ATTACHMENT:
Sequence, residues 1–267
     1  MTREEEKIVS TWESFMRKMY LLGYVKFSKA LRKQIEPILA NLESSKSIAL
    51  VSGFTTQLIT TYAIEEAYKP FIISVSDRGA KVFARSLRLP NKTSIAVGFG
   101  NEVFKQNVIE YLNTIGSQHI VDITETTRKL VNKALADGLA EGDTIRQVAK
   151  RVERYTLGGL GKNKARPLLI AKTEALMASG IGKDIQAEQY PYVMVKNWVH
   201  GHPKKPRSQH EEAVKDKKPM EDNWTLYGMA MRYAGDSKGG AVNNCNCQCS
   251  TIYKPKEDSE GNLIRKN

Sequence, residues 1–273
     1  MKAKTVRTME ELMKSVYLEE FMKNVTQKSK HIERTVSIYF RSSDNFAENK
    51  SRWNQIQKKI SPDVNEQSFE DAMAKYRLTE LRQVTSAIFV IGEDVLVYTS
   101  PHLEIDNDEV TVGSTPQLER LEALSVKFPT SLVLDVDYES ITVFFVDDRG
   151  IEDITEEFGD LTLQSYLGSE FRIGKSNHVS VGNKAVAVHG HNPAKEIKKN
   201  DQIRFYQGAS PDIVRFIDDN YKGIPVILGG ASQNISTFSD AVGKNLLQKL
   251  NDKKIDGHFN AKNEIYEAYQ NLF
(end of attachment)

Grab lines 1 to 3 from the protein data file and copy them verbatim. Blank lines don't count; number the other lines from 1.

Sequence, residues 1–267
     1  MTREEEKIVS TWESFMRKMY LLGYVKFSKA LRKQIEPILA NLESSKSIAL
    51  VSGFTTQLIT TYAIEEAYKP FIISVSDRGA KVFARSLRLP NKTSIAVGFG